As a new parent who is starting to craft an estate plan, your top goal may be formalizing a potential guardian for your child. In fact, having that child may have spurred you to make your estate plan. You’re not necessarily worried about what happens to your assets at this point in your life – although having a plan, certainly helps – your main focus is ensuring that your child is cared for.
Choosing a guardian can certainly help to accomplish this aim. But to do so, you’ll need to first pick a proper guardian. Here are a few things you should look for.
People often want to select their own parents. This does feel like it makes sense. These new grandparents certainly love the young child and offer a lot of support. But you also have to consider their age and if they would be a good guardian until the child has turned 18. In some cases, grandparents will not have the physical or mental health to care for a child for that long.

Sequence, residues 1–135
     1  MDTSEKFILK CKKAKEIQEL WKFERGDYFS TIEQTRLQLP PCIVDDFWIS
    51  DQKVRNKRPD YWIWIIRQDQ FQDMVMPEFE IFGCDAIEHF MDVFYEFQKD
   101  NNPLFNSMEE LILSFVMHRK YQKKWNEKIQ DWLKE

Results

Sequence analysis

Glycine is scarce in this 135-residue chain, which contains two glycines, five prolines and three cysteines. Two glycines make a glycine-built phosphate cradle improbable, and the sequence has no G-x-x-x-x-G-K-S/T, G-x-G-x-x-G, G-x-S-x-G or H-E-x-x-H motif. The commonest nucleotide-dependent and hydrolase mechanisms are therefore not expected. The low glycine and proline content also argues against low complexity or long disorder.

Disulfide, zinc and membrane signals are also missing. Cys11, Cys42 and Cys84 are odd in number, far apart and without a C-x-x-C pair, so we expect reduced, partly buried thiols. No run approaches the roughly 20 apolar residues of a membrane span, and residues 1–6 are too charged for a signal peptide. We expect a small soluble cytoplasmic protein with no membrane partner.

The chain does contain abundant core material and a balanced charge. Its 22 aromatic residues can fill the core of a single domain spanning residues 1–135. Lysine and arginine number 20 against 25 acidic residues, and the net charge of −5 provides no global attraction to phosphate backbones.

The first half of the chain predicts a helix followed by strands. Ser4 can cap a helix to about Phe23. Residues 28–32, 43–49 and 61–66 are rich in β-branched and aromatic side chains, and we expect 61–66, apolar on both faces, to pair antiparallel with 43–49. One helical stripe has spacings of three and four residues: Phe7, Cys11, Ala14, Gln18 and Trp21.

A willingness to assume the role
Additionally, it’s usually suggested that you talk to the person whom you’re considering appointing as a potential guardian before naming them in your estate plan. Make sure that they are actually willing to take on that role prior to assigning it to them. Even some people who love you and your child – and who you feel like would be a good fit – may simply not think that they’re in a position to take on that responsibility.
The ability to provide care
Do they have other children? What would it be like integrating your child into that family? What is their financial situation like? Is the person you’re choosing as a guardian financially stable enough to take on raising a child?
Setting up your estate plan
Of course, you may also want to think about personal preferences, such as parenting styles or religion. No matter who you choose to be your guardian, once you’ve made the decision, you can seek legal guidance to better ensure that your selection is properly formalized and that your paperwork is legally enforceable.